Posts Tagged ‘microbial ecology’

What is the most abundant deposited fungal genus in GenBank?

October 30th, 2010


Jason Stajich wrote a few Perl and BioPerl scripts to analyze the distribution of fungal species with ribosomal DNA internal transcribed spacer ( ITS) sequences in NCBI GenBank. The whole spreadsheet of the data is public and available here and Jason’s comments are available on his blog post. According to this analysis, soil  Fusarium is the most abundant deposited genus. As stressed by Jason, the analyzed sequences are mainly from Sanger-based studies. The recent released of 454 seq’ing based fungal surveys will certainly change this current picture.

Soil Metagenomics 2010

August 15th, 2010

401px-Braunschweig-burgplatz_1Christoph Tebbe is organizing the next International Symposium on Soil Metagenomics at the Johann Heinrich von Thünen-Institute (vTI) Forum in Braunschweig (Germany) on December 08–10, 2010. An objective of this symposium is to discuss the future applications of next generation sequencing to address the complex soil ecosystems.

Photo: © Burgplatz in Braunschweig, Germany by Matthias Prinke.


May 30th, 2010

CB055265Great news!!! To increase the understanding of the role of soil biodiversity in ecosystem functioning, the European Commission (EC) awarded €7 million to our research project ECOFINDERS. This four year project, coordinated by INRA, aims to support European Union soil policy making by providing the necessary tools to design and implement strategies for sustainable use of soils.

The project will include:

  • Characterisation of the biodiversity of European soils and the normal operating range (NOR) according to soil types, threats, climatic zone and land use,
  • Determination of relationships between soil biodiversity, functioning and ecosystem services,
  • Quantification of the economic values of soil ecosystem services,
  • Evaluation of the impacts of human activities on soil biodiversity, functioning and services,
  • Design of policy-relevant and cost-effective indicators for monitoring soil biodiversity, functioning and ecosystem services.

To reach this overall aim, the project will pursue the following:

  • Describe the diversity of soil organisms (microorganisms and fauna) by using nextgen sequencing,
  • Decipher their interactions through trophic food webs,
  • Determine the role played by soil organisms in soil functioning and major ecosystem services: nutrient retention, carbon storage, water retention, soil structure regulation, resistance to pests and diseases, and regulation of above-ground diversity,
  • Assess the stability and resilience of ecosystems against threats in relation to their biodiversity: soil erosion and physical degradation, decline in organic content, loss of soil biodiversity, and soil contamination.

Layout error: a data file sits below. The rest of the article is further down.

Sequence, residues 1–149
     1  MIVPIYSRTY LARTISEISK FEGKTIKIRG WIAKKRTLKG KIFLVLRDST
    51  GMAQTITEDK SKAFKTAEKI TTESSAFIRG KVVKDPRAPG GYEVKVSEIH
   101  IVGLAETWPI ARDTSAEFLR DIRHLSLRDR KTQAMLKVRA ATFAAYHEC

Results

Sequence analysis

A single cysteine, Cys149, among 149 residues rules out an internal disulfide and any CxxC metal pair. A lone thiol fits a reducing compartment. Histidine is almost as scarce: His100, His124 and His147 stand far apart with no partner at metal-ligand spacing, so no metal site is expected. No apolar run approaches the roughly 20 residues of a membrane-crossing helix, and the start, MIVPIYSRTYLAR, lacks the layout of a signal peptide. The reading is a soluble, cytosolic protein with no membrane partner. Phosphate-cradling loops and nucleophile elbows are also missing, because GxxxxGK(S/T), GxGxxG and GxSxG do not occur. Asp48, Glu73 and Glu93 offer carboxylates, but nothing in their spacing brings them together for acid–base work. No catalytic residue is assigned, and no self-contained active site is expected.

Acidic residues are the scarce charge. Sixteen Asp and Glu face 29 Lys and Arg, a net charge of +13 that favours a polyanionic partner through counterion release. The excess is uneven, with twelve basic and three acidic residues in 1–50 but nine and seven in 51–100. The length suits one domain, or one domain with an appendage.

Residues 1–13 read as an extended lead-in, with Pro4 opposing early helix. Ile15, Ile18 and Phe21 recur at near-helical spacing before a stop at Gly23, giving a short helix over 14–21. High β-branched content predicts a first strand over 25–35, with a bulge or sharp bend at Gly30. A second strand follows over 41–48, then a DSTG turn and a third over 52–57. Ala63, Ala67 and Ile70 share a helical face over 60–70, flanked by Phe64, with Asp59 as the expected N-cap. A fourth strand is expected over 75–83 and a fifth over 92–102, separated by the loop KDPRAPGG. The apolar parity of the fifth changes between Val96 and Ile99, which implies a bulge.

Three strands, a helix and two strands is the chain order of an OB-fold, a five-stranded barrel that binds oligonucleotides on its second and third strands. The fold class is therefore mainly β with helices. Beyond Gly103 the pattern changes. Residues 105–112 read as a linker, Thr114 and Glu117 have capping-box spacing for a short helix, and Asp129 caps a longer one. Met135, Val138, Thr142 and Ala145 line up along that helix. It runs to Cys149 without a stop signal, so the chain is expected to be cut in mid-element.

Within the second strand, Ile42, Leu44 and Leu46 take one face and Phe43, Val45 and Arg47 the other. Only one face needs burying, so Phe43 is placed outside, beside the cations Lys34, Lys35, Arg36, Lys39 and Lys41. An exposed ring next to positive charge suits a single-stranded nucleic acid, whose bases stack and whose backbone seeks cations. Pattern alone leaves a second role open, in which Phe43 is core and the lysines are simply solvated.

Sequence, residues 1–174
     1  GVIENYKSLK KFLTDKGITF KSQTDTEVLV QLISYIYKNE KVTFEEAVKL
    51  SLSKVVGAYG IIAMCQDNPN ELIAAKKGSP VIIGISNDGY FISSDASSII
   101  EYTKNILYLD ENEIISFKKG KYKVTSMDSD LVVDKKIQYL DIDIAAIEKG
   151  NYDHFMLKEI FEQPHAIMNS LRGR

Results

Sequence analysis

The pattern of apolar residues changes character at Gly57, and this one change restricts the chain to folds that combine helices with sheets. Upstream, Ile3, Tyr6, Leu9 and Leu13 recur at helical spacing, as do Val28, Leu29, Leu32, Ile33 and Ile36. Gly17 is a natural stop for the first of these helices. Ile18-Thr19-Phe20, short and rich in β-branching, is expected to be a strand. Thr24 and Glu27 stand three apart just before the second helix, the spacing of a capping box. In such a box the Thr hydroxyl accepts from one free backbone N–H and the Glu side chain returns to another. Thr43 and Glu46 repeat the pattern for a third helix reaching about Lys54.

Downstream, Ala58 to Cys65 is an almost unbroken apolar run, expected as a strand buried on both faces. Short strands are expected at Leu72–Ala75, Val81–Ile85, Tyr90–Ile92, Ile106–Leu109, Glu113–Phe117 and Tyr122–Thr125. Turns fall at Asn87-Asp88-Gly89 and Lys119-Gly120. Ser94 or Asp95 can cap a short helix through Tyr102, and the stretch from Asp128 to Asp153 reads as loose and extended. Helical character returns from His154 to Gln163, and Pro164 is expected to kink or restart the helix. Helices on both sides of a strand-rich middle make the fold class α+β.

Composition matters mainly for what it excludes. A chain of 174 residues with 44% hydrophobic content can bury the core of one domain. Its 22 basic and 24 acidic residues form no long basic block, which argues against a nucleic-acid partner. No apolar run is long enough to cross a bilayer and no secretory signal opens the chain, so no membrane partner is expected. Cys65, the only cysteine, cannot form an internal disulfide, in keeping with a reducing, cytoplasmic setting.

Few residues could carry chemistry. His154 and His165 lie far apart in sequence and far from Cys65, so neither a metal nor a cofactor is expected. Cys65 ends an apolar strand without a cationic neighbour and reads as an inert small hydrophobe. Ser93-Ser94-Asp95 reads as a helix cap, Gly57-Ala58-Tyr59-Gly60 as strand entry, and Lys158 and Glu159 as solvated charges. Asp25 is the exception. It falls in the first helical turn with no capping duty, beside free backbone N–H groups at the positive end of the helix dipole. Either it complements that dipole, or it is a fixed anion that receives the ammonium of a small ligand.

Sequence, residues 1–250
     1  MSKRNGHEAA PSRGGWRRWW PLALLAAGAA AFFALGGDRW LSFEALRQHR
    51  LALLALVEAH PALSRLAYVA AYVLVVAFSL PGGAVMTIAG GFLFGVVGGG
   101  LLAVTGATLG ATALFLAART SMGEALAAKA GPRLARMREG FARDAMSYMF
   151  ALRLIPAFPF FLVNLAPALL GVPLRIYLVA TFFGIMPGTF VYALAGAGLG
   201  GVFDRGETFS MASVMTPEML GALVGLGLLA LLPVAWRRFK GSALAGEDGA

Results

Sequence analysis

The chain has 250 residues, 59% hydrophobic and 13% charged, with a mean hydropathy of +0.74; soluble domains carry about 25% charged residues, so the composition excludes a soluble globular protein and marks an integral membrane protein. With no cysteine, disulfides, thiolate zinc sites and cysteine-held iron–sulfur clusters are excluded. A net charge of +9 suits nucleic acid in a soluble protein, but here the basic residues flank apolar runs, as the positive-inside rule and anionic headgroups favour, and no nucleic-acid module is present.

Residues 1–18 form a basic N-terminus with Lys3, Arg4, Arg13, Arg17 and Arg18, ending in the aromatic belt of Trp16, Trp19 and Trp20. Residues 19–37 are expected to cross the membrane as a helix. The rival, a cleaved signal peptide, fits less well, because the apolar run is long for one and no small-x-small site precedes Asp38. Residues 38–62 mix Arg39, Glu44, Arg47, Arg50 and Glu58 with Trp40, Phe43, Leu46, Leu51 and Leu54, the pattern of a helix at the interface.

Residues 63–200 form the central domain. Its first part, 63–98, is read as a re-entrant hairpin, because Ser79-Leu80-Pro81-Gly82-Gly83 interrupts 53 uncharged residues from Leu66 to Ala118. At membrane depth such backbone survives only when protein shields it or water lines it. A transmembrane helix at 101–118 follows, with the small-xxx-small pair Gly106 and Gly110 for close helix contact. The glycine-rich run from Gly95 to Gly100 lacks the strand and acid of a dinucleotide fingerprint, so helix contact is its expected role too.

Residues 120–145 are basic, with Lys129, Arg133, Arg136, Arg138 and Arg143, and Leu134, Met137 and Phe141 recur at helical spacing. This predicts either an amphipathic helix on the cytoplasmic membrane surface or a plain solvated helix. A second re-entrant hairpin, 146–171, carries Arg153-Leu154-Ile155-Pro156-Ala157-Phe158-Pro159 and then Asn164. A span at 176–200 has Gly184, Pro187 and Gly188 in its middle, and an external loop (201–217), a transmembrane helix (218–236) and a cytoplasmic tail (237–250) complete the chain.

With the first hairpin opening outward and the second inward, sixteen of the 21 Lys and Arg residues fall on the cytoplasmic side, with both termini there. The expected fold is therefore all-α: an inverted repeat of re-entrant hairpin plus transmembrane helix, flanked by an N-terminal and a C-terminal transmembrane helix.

The 22 consortium partners will:

  • Develop and standardise phenotypic tools and procedures to measure the faunal biodiversity,
  • Design molecular methods to characterise the faunal diversity calibrated upon phenotypic traits,
  • Customise functional tools and methods to determine the functional diversity of fauna,
  • Establish high-throughput molecular assays for assessing microbial and faunal biodiversity,
  • Design, develop and establish a database aimed at mapping the European soil biodiversity and threats,
  • Establish cost-effective bioindicators to measure microbial and faunal diversity, their associated functions and the resulting ecosystem services,
  • Evaluate the economic added-value brought by these bioindicators in assessing the consequences of soil management policy for soil biodiversity and functioning,
  • Implement effective dissemination strategies to transfer the project knowledge and tools to soil stakeholders, notably but not exclusively regional, national and European policy-makers, and inform the general public about the issues associated with the sustainability of soil biodiversity.

My lab will focus on developing 454-based genotyping to survey the microbial communities — hundreds of creeping subterranean bugs will ended up in digits. Our on-going analysis of forest soil metagenomes will likely feed this large scale multi-year project.

You Are What You Eat

May 22nd, 2010

cabbage-noriA nice post from by Karen Schwarzberg and Mike Gurney at Small Things Considered (The Microbe Blog) discussing a paper recently published in Nature by Hehemann et al. which reports that, in at least one particular instance, we do harbor bacteria adapted to the traditional diet of our culture. Porphyranases are glycosyl hydrolases cleaving sulphated polysaccharides of carrageenan and agar from marine algae. These enzymes found in marine bacteria are common in Japanese—and only Japanese—intestinal microbiota. The Japanese can digest their nori (Porphyra) thanks to specific strains of Bacteroides plebeius that they host. The initial acquisition of the β-porphyranase genes by B. plebeius was likely by horizontal transfer from a marine Bacteroidetes.

Hehemann, J., Correc, G., Barbeyron, T., Helbert, W., Czjzek, M., & Michel, G. (2010). Transfer of carbohydrate-active enzymes from marine bacteria to Japanese gut microbiota Nature, 464 (7290), 908-912 DOI: 10.1038/nature08937

See also my previous post on the gut metagenomics-inspired poem from the Cuttlefish Poet at The Digital Cuttlefish‘s “You are What you Eat.”

Photo: Cabbage Nori Rolls.©